[p. 84]

The first application of the camphor dis-inhibited the combination, while on the second application this extra stimulus had already lost its dis-inhibiting effect. This rapid disappearance of the effect of the extra stimuli introduced by the new apparatus, and again by the use of the camphor, is the most usual case with extra stimuli which bring about dis-inhibition. The dog employed in this particular experiment was an old laboratory animal and had previously been subjected to numerous extraneous agencies, so that different changes produced now only a transient effect, the animal speedily becoming indifferent to them. This is why the introduction of new conditions into this experiment produced a dis-inhibition right from the very start and never any inhibition of tho positive conditioned reflexes.

Results were quite different in the case of another dog used by Dr. Nikolaev. This dog was fresh to the laboratory and may have possessed also a type of nervous organization which was more easily subjected to inhibition. In this dog a rotating object was used for a conditioned alimentary stimulus, and a tone for its conditioned inhibitor. A metronome provided the extra stimulus.

The experiment on the following day gave similar results. On the 18th February, at the beginning of the next experiment, the metronome was applied alone during one minute, the subsequent course of the experiment being shown on the opposite page.

In the experiment of 15th February the sound of the metronome, which served as an extra stimulus, did not produce during its first application the result which would be expected from dis-inhibition (11.41 a.m.). But the very same stimulus of the metronome when [p. 85] applied along with the positive conditioned stimulus used singly produced a complete inhibition (12.14 p.m.). It follows, therefore, that the zero value of the reflex in the first case -- inhibitory combination + metronome -- was not really due to the internal inhibition remaining undisturbed but was due to external inhibition resulting from a very powerful extraneous reflex in response to the first application of the metronome. As a result of several repetitions of the stimulus of the metronome with the inhibitory combination on the 16th February and an application at the beginning of the experiment of 18th February, the stimulus of the metronome was no longer able to produce so powerful an alien reflex and therefore its inhibitory

effect upon the positive conditioned component had practically disappeared (12.27 p.m.). However, its dis-inhibitory effect was still retained and could be well seen in the experiment of 18th February (11.32 a.m. and 12.9 p.m.).

The terminology used in the interpretation of the foregoing phenomena may seem to be artificial and arbitrary, but it is not possible at a time: when the intimate mechanism is still beyond our powers of analysis to avoid such terms in what is necessarily a schematic representation of the complex nervous processes involved. Our terms serve to describe only the actual state and succession of events.

A dis-inhibition of the inhibitory combination can further be obtained by means of those stimuli which determine a permanent external inhibition (p. 46). The following experiment by Dr. Nikolaev bears out this statement: [p. 85]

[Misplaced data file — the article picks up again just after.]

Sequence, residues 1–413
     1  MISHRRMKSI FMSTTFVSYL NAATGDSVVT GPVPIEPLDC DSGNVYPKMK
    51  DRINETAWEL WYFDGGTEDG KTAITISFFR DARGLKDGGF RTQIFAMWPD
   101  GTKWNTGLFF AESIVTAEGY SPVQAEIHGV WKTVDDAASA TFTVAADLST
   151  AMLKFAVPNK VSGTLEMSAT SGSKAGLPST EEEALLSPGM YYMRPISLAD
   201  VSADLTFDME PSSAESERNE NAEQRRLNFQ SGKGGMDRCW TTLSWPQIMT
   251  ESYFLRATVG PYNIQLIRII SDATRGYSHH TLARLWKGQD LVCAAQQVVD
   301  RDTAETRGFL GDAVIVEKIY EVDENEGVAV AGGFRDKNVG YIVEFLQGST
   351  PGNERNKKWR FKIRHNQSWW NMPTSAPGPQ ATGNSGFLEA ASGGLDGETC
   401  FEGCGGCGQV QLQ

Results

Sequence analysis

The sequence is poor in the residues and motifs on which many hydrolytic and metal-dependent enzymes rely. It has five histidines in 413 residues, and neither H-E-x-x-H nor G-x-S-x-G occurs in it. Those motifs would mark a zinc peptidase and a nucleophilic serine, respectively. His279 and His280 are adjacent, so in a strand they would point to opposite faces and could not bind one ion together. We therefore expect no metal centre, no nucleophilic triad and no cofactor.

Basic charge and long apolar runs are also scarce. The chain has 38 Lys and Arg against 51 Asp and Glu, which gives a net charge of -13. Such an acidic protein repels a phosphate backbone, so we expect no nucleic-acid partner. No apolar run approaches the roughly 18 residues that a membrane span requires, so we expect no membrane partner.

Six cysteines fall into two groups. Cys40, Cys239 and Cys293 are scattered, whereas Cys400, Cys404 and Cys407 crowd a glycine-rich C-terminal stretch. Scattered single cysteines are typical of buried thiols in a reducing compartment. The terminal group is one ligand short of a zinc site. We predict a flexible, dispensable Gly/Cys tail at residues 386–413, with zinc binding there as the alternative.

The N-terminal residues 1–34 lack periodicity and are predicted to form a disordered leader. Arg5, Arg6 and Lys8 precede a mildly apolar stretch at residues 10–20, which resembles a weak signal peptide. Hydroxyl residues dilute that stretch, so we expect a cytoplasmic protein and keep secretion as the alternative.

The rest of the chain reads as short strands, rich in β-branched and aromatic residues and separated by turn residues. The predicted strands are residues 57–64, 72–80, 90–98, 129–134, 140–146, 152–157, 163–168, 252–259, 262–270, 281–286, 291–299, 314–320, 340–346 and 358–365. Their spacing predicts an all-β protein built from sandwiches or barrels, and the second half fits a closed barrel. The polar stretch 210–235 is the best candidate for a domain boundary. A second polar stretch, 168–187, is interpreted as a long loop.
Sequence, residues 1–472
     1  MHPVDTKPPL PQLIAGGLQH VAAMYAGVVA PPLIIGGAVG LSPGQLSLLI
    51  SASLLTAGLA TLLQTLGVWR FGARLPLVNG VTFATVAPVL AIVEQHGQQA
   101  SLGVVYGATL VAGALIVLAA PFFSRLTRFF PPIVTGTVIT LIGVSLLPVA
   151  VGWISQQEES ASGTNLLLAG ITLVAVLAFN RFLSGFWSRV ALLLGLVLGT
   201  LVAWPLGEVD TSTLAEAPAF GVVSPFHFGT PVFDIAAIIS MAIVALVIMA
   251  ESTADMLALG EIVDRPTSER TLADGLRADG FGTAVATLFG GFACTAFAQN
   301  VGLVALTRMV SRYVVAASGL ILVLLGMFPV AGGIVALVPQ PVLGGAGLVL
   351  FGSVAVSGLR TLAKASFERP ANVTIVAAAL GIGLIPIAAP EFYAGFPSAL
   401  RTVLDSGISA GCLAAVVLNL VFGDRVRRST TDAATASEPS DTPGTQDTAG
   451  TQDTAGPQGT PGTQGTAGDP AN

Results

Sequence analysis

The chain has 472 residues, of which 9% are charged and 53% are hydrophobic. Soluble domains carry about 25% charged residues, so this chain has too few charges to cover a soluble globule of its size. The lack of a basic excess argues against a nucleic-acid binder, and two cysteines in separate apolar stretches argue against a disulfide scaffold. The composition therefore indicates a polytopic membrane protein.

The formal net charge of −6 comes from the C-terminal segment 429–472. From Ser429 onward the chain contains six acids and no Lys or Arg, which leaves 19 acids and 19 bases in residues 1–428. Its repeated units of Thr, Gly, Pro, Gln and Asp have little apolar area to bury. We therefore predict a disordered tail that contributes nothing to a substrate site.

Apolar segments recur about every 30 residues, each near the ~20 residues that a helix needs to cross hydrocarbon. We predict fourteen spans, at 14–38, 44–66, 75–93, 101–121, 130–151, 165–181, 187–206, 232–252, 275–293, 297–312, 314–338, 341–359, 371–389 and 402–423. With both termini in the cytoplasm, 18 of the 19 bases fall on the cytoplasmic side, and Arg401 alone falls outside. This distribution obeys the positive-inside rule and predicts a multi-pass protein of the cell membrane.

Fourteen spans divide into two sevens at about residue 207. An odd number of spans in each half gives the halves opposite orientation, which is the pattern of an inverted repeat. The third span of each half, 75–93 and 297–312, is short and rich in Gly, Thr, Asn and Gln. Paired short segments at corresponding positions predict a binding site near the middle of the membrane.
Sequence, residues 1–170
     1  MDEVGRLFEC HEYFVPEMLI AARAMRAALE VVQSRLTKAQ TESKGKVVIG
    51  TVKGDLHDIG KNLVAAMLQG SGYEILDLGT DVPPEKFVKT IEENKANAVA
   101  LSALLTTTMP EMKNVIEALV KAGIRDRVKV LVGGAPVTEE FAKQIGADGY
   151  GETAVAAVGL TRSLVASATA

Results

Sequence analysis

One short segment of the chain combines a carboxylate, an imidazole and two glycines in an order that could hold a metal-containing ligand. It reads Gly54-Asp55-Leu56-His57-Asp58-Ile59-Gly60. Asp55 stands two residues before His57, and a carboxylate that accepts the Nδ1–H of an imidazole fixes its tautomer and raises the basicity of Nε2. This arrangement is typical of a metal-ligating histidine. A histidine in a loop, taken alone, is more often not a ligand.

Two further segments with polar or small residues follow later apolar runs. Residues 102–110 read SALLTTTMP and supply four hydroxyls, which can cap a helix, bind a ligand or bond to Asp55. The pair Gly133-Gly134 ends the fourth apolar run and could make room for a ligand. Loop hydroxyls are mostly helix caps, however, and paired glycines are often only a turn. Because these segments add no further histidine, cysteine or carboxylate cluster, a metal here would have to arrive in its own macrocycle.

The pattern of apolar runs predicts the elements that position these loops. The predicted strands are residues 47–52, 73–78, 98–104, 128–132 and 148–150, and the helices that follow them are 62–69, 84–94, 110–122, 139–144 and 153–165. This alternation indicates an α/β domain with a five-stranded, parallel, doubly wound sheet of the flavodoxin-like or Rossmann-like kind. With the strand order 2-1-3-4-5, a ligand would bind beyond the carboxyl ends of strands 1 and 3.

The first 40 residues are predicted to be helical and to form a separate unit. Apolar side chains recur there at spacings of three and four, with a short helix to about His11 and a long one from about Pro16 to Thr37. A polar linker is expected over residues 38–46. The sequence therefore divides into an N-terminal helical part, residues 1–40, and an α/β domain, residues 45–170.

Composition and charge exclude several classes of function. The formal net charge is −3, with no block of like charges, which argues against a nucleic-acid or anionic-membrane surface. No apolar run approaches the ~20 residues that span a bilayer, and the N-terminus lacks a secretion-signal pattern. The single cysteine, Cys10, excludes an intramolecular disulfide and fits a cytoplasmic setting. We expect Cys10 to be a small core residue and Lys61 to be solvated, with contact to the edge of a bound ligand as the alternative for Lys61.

A rotating object serves for the conditioned alimentary stimulus, while a tone serves for its conditioned inhibitor.

In this case the inhibitory after-effect of sodium carbonate, given 4 minutes before, caused a definite dis-inhibition of the reflex (2.44 p.m.).

If an inhibitory combination is applied early within the time of the after-effect left by a very strong extra stimulus, for example a concentrated solution of quinine, no dis-inhibition is obtained. This corresponds exactly with the case of the metronome in the experiment on page 84 However, the dis-inhibiting effect of quinine can be exhibited as clearly as in the case of the metronome, simply by throwing in the inhibitory combination' at a later stage, when the strength of the after-effect of the action of the; quinine has had time to diminish. On account of the complete accord of the two sets of experiments the description of the experiments with quinine need not be given.

All the experimental evidence which has been dealt with in this lecture establishes conclusively that the nervous processes on which conditioned inhibition depends are identical in character with those of extinctive inhibition. The fundamental condition for their development is the same, namely that there shall be no reinforcement by the unconditioned reflex. In both cases the process develops gradually, being strengthened by repetition. Moreover, the inhibitory after-effect does not limit itself to the particular positive conditioned reflex which undergoes experimental extinction or conditioned inhibition, but in both cases extends to other conditioned reflexes as well, including even those which are of heterogeneous origin. [p. 87]

The final point of resemblance is that in both cases the inhibitory process can be rapidly though temporarily removed, the inhibited reflexes undergoing dis-inhibition on account of external inhibition resulting from alien reflexes to extra stimuli of small intensity. The only point of difference is that in extinctive inhibition it is the positive conditioned stimulus taken by itself which changes its positive significance to an inhibitory one, while in the case of conditioned inhibition the positive conditioned stimulus becomes .involved in a new complex and changes its character in conjunction with an additional stimulus.